By J. DeVoy
Once upon a time, professions had meaningful barriers to entry. The inability to participate was not a mark of personal failure for the unsuccessful applicant, but an indicia of the profession’s selectivity, a characteristic retained largely for the public’s benefit. One such guild was the ABA — until the mid 1990s. Around that time, Janet Reno put a vise grip on its balls with the DOJ, making it enter into a consent judgment that required the ABA reduce the hurdles needed to enter law school.
The aftershocks to this consent decree have been clear for the last decade. New schools constantly open at a rate of approximately 10 for every one that should actually exist (U.C. Irvine gets a pass). Rudimentary legal work that, while low value, provided experience to new attorneys, is shipped off to India without requiring India to make a single concession back. The ABA won’t carte blanche refuse to accredit overseas law schools. And now, all but knocking down the last piece of battered fence keeping the teeming hordes out of law school, the ABA is considering making the LSAT optional.
On one hand, the LSAT is an arbitrary measure of potential with tangential relation to skills needed to compete in law school. Like everyone, I too know smart people who bombed it and idiot strivers who did well after studying for three years. I also know smart people with good scores and dumb people with appropriately bad ones. As bad as the system may be, there is a need to group people roughly by cognitive ability and order them – something easily done by the LSAT’s 120-180 point scale. When coupled with GPA, people of similar ability are, on paper, put together and then sorted into the academic institutions that best suit their ability.
To the extent the LSAT has value outside of an applicant’s score, it demonstrates the commitment to study for and take a test that could run an applicant several hundred dollars in expenses. Law school applications, compared to PhD and even MBA processes, are a joke. LSAC allows you to upload essays to its site and batch-process them with applications to several schools. Virtually no school requires more than three essays, including optional ones that address diversity and interest in the school. Considering that most colleges are bad and a high GPA can be manufactured with a series of intro-level courses, the LSAT is the only difficult thing about applying to law school.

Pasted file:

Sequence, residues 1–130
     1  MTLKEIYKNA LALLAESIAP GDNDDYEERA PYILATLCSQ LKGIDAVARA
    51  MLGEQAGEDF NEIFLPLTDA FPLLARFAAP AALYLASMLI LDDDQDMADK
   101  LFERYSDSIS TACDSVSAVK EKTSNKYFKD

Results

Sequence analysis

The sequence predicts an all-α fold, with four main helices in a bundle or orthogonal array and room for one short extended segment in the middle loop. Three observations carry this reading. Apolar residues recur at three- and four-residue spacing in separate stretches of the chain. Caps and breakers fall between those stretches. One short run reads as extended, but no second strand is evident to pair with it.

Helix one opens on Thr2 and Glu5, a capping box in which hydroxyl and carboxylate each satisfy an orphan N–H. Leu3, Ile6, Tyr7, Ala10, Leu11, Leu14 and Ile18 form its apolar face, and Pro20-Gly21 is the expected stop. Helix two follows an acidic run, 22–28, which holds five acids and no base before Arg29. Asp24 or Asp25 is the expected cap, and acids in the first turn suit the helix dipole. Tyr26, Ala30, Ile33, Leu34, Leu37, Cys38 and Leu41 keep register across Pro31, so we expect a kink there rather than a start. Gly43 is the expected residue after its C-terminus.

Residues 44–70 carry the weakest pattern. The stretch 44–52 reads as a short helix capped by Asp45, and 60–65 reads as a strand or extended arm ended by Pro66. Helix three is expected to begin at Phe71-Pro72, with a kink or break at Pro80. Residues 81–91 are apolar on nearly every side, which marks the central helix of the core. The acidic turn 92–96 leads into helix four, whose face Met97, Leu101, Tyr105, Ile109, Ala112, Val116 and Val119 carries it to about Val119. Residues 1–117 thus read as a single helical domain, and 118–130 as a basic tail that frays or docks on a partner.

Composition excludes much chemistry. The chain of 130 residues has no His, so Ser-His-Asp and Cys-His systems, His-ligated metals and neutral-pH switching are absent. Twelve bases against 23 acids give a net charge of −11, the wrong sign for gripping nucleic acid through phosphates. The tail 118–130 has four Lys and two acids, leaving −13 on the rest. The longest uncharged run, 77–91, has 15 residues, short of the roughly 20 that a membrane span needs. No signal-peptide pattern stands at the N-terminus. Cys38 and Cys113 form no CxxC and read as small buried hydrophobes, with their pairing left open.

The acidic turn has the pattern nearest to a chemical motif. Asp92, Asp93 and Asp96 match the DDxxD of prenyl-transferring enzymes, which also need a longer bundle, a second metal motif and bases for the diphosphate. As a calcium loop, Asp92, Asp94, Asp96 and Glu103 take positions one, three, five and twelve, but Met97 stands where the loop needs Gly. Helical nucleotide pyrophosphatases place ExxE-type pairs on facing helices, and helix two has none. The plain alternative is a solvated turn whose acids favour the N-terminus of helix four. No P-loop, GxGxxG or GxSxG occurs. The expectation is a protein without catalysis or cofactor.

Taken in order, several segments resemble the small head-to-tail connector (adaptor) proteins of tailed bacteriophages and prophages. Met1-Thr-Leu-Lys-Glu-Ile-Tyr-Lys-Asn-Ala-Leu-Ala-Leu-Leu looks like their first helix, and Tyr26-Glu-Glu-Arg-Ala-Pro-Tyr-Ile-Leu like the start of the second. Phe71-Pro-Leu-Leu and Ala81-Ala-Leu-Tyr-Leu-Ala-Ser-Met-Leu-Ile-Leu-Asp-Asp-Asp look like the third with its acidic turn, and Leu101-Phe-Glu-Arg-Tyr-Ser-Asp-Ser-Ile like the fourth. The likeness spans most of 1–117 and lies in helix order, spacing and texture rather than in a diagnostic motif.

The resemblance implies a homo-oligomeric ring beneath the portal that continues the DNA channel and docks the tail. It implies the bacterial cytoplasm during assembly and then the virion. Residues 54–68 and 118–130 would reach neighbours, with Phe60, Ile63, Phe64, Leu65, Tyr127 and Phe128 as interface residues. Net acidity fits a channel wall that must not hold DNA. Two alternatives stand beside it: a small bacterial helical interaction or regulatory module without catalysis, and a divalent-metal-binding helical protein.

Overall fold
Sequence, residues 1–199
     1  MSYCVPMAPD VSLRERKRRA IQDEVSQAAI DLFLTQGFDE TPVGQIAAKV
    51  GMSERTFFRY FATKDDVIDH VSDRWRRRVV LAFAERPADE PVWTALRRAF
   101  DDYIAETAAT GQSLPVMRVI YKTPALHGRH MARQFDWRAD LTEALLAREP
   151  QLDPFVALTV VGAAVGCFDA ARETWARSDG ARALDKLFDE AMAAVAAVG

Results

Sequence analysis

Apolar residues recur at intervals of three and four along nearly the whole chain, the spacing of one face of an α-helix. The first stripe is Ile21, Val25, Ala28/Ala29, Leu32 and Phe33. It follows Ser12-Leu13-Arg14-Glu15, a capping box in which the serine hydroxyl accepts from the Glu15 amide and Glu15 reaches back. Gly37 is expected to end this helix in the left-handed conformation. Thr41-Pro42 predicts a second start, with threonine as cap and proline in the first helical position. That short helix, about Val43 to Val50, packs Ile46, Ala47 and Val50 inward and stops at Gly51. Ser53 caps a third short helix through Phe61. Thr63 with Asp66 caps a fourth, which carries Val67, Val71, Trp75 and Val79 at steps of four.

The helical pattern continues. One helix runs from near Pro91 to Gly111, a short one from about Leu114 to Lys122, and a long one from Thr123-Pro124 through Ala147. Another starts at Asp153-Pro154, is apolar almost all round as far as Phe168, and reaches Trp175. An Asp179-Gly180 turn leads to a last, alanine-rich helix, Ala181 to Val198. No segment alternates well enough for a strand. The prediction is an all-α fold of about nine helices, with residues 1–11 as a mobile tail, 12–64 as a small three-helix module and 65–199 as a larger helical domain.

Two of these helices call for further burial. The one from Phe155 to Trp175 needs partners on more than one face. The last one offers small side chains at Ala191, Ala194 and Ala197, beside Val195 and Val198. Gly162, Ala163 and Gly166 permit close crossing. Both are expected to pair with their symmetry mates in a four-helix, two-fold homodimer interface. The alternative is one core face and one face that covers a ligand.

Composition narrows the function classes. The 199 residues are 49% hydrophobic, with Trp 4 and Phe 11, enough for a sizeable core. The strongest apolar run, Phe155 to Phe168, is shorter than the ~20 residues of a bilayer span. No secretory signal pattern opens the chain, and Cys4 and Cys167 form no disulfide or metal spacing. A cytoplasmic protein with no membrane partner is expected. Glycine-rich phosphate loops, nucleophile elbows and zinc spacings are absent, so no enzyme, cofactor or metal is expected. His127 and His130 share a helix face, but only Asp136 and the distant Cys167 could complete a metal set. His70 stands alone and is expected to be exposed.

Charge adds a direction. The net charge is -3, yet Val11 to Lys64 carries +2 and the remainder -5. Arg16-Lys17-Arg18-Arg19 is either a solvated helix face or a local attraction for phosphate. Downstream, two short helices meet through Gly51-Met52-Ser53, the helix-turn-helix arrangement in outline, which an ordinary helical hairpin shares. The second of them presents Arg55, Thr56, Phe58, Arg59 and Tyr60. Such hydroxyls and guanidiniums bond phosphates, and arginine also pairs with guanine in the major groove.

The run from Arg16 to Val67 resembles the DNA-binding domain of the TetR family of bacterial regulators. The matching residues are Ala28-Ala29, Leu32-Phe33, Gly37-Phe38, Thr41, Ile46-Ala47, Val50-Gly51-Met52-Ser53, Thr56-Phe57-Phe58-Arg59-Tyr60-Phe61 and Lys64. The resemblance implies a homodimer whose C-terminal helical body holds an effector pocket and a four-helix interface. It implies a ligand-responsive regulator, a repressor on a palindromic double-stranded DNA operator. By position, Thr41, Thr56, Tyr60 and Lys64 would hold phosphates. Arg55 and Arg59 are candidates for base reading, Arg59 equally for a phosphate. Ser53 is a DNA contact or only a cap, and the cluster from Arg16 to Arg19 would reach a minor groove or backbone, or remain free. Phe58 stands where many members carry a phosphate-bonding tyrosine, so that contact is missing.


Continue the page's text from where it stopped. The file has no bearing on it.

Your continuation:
The beneficiaries of this process will be law schools, like the colleges that dropped the ACT/SAT requirement before it. Thousands more people will pay application fees directly to schools with the unfounded hope that they can gain admission. If the system works as the starry-eyed applicants hope, either bar exam passage rates will plummet or school dropout rates will greatly increase. It does not take much of a logical leap to see that the people to whom this prospect would be most appealing are also the most likely to bomb the LSAT, and want to preempt a bad score (despite a policy change a few years ago that allows for multiple retakes without penalty).
Ultimately, the LSAT will still be the best predictor of law school aptitude, even if an objectively bad one, but allow schools to admit more subjectively interesting candidates without this admissions priority being reflected in its LSAT or GPA reporting. The same kind of Worldcom-style accounting that controls employment reporting for law schools will come to its admissions statistics as well. Beyond defeating the utility of sites like lawschoolnumbers.com, this decision would make admissions a black box process at schools that choose to go along with it.
By obfuscating student quality, the employment prospects all but 5-10 elite schools would suffer, as employers would not be sure just what quality of students they were getting. While a law school has time to pay its recent graduates $8/hour to sift through applicants who couldn’t be bothered to take the LSAT and find the touchiest, feeliest application of them all, a law firm does not have that luxury. Nor does it want to. The best thing a lawyer can have is information, and for law schools to deprive employers of that vital resource is a disservice to its students. Nobody, rationally, would buy something of unknown contents or quality.